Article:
Kim Dong-hee hopes to illuminate a dark reality
'Extracurricular' star wants his teen drama to impact adults, too
“Dreams are expensive. It’s even more expensive for a kid without parents. Live an average life and die an average death. The money I need for that is 90 million won. That’s the price of my dream.”
These are the lines the actor Kim Dong-hee was given to read for his audition for the hit Netflix series “Extracurricular.” At that point, he had no idea what role he was going to play or what the story was about.
“It was sensational,” Kim said in an interview last week. “I first auditioned for the series without knowing anything about it — not even the title. I just received two lines from the script, but I was immediately curious about this character [Ji-soo] who puts a price on his dreams.”
Since the release of the first season on April 29, the crime thriller series has been one of the top ranked shows on Netflix in Korea. Unlike the youthful romances that are typically depicted in teen dramas, “Extracurricular” spirals down a dark path.
Ji-soo (played by Kim) is a model student at the top of his class. Shy and unsociable, he remains an outsider and is happy to stay that way, avoiding any trouble that might wreck his chances of going to a prestigious university. However, the way he pays for his studies and saves up for his college tuition is through working as a pimp for minors.
The show has been receiving positive reviews overall for its realistic portrayal of local high schools and the crime that teens may be involved with today. Before the "Nth room" scandal and sex trafficking ring that involved teenagers as both aggressors and victims, the public might have scoffed at the extremity of the crimes depicted on the show. But after the scandal, people no longer consider the story a stretch of the imagination.
Although Kim was worried about playing the lead in the series, he was never worried about the controversial message the series might carry as it was loud and clear what the series was trying to warn the public about.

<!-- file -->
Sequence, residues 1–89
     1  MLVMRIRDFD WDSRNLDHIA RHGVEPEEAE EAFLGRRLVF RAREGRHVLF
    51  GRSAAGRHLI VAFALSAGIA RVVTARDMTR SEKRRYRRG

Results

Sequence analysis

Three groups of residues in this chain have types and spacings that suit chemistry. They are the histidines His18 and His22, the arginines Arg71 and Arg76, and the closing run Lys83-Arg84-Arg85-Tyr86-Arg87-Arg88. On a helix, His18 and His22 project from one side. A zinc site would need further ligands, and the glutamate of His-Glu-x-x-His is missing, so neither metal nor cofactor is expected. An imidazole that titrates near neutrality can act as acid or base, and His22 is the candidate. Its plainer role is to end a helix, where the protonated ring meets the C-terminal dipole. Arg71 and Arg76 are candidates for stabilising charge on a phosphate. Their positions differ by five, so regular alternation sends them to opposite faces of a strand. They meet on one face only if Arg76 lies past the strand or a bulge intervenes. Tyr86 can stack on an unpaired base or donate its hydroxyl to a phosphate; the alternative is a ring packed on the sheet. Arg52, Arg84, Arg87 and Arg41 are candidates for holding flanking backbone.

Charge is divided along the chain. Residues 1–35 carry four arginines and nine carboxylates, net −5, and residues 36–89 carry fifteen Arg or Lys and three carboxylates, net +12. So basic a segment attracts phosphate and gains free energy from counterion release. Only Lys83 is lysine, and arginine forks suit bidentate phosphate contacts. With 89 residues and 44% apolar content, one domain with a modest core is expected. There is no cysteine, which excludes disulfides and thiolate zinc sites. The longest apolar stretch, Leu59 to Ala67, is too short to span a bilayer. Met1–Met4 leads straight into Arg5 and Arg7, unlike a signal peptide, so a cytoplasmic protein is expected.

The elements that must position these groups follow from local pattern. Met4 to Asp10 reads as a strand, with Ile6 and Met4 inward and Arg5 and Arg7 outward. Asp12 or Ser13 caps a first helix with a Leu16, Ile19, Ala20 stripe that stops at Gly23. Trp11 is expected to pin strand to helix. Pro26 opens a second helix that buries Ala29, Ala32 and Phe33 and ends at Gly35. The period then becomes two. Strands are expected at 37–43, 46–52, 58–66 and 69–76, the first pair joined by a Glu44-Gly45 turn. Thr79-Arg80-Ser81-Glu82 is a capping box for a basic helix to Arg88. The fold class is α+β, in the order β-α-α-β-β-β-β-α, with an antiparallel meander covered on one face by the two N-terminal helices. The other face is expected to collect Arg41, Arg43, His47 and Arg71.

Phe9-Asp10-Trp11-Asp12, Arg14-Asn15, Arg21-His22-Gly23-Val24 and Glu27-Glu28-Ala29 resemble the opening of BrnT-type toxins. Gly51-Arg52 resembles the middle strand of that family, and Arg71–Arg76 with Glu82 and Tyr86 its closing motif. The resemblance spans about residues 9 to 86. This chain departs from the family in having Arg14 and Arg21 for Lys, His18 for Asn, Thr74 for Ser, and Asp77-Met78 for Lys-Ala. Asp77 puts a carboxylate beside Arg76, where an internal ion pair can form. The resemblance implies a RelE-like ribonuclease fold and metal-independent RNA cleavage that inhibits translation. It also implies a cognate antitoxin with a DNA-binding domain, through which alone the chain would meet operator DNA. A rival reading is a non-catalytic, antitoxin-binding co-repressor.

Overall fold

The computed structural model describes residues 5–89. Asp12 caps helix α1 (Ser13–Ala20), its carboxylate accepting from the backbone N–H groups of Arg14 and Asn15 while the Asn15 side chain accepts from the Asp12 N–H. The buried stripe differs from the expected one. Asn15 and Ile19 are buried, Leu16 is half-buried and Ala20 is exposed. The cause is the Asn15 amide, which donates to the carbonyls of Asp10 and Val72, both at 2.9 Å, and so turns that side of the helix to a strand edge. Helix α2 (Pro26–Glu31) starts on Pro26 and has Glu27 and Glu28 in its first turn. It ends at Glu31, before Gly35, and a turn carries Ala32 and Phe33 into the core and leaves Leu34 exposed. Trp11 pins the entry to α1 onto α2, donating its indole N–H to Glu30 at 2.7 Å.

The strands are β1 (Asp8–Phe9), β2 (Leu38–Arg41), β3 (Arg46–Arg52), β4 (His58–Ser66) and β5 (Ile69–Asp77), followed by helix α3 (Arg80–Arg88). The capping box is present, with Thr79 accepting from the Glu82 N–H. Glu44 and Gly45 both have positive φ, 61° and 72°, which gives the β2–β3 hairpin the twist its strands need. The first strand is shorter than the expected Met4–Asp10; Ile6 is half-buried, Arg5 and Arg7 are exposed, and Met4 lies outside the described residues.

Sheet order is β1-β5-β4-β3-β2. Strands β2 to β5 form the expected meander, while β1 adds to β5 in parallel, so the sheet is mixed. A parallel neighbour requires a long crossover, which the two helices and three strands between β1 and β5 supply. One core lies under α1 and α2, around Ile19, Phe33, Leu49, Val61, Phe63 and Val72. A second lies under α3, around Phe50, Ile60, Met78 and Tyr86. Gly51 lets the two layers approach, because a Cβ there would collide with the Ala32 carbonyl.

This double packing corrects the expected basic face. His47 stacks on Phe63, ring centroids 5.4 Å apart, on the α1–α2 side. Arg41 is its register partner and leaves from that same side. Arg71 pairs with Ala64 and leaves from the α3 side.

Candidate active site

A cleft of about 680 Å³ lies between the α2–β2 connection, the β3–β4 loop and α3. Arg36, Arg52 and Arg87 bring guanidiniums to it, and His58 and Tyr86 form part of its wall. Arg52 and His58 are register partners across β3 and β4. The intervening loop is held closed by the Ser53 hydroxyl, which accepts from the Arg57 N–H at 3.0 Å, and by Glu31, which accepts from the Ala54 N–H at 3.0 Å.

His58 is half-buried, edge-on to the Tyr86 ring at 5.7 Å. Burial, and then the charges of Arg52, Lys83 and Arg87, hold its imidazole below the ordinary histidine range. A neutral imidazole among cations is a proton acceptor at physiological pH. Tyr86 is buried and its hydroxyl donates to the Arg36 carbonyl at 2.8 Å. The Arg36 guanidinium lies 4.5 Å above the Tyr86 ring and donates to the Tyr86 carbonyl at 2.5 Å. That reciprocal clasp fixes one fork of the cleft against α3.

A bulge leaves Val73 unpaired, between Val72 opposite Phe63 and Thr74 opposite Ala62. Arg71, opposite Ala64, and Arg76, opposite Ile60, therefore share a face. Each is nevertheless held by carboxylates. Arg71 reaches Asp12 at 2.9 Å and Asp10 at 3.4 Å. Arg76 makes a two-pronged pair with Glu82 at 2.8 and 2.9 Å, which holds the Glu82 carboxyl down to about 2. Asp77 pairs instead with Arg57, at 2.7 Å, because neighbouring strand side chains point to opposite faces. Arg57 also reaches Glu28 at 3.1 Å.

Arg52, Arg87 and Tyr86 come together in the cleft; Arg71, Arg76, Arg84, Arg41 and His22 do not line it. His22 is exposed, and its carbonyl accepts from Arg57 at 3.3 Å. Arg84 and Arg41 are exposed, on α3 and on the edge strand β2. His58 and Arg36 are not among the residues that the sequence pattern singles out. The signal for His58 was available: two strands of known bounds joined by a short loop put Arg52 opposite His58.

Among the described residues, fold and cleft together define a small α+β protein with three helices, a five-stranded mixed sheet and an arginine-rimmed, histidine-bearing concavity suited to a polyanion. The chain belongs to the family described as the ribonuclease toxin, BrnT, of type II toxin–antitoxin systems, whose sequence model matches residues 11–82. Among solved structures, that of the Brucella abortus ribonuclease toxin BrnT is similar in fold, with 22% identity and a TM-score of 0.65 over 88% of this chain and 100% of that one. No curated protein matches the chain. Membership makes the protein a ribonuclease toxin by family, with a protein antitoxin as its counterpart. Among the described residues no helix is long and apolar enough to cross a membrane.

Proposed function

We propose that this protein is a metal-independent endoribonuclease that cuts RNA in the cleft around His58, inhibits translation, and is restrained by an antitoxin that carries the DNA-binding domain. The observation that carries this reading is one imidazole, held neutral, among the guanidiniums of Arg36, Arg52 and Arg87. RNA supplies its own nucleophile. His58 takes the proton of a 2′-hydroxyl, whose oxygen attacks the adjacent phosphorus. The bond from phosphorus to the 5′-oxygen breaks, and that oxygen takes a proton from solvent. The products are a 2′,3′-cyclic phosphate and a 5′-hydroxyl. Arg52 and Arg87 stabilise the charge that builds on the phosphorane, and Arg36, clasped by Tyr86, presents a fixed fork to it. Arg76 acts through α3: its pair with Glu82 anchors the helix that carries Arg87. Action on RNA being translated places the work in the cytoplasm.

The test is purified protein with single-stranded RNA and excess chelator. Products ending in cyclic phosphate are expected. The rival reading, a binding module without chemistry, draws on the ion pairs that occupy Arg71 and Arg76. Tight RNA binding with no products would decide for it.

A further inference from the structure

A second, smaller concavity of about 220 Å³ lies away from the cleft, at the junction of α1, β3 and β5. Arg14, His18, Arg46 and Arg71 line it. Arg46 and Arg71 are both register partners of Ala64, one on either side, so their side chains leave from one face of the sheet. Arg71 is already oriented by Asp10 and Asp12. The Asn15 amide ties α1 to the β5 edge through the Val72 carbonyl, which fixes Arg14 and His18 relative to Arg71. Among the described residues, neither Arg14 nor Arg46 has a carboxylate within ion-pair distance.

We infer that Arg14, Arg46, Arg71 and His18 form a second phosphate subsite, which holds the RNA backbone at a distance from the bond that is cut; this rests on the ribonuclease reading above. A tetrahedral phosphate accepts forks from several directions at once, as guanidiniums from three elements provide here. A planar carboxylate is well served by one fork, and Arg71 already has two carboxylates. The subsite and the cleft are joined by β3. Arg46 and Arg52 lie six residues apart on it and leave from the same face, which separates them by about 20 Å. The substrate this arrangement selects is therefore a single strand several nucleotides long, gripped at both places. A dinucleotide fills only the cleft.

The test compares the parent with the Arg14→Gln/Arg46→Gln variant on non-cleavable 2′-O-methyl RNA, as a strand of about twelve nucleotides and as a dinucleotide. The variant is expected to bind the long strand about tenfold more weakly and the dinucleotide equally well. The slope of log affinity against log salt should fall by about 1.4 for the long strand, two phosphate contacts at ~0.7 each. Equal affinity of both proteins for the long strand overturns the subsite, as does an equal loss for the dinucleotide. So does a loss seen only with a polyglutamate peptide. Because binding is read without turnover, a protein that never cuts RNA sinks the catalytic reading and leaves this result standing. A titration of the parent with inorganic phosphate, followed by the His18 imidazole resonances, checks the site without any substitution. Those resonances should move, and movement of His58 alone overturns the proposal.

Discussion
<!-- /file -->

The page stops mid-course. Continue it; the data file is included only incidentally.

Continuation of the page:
“It was really tough. It was my first time playing a lead role — I was worried, but I was nevertheless excited and proud to play this role. But the central focus that I put into Ji-soo was his ambivalent nature in public places, like at school, and his individuality as a pimp,” Kim said.
“As the story hit the climax, I was worried about how to express his dramatic state when he’s on the edge and fearful about how I’d be portrayed on the screen, but no, I was never worried that the story might provoke a copycat crime [among teenagers] or it was simply too much. It was why the series is R-rated, and I simply hope that the story can have an impact on adults and encourage them to pay more attention to teens.”
However, the actor said that he had trouble relating to the character.
“I don’t think I could ever understand what he did,” Kim said. “That’s why I focused more on the situations and the predicaments that Ji-soo was in rather than trying to completely understand his choices and actions.”
In the story, there are adults who try to help the characters, but they always seem to be one step behind.
“What’s important is that we need to look after teens before anything happens, but I know that it’s not as simple as it sounds,” Kim said. “As I look back at my time as a teenager, I think I thought of myself as a grown-up too [like Ji-soo]. That delusion leads to misjudgments that could easily turn into crimes. There may be this whole society that adults are oblivious to, which is why we need to pay more attention to them.”
Kim debuted as an actor in the 2018 web drama series “A-Teen” and has appeared in various hit dramas such as “SKY Castle” (2018) and “Itaewon Class” (2020) on JTBC. However, this is his first lead role. When looking back on the Netflix series now, the actor describes it as his “first challenge.”
“[Ji-soo] was the most unpredictable character that I have had the chance to portray,” Kim said. “At the start [of the production], I couldn’t really conjure him up, and I didn’t know where he would run off to next or what he was going to do, even more so because we received scripts for the next episodes as we were filming.
“But I understand that Ji-soo’s desire for money came from his father,” the actor said. “His father was a compulsive gambler, and seeing how his father would earn money illegally must have affected Ji-soo too.”
After “Extracurricular,” Kim had wondered about how he could contribute or lend a helping hand to teens in need today.
“I’m 22 now, and they’re are only couple of years younger than me, so I do spend a lot of time nowadays thinking about how I can help them,” Kim said. “But it’s a load that I’ll have to carry for now. I believe that I need to become an honest adult first, so that [when I’m ready], I can face them without any kind of guilt or embarrassment.”
BY LEE JAE-LIM [firstname.lastname@example.org]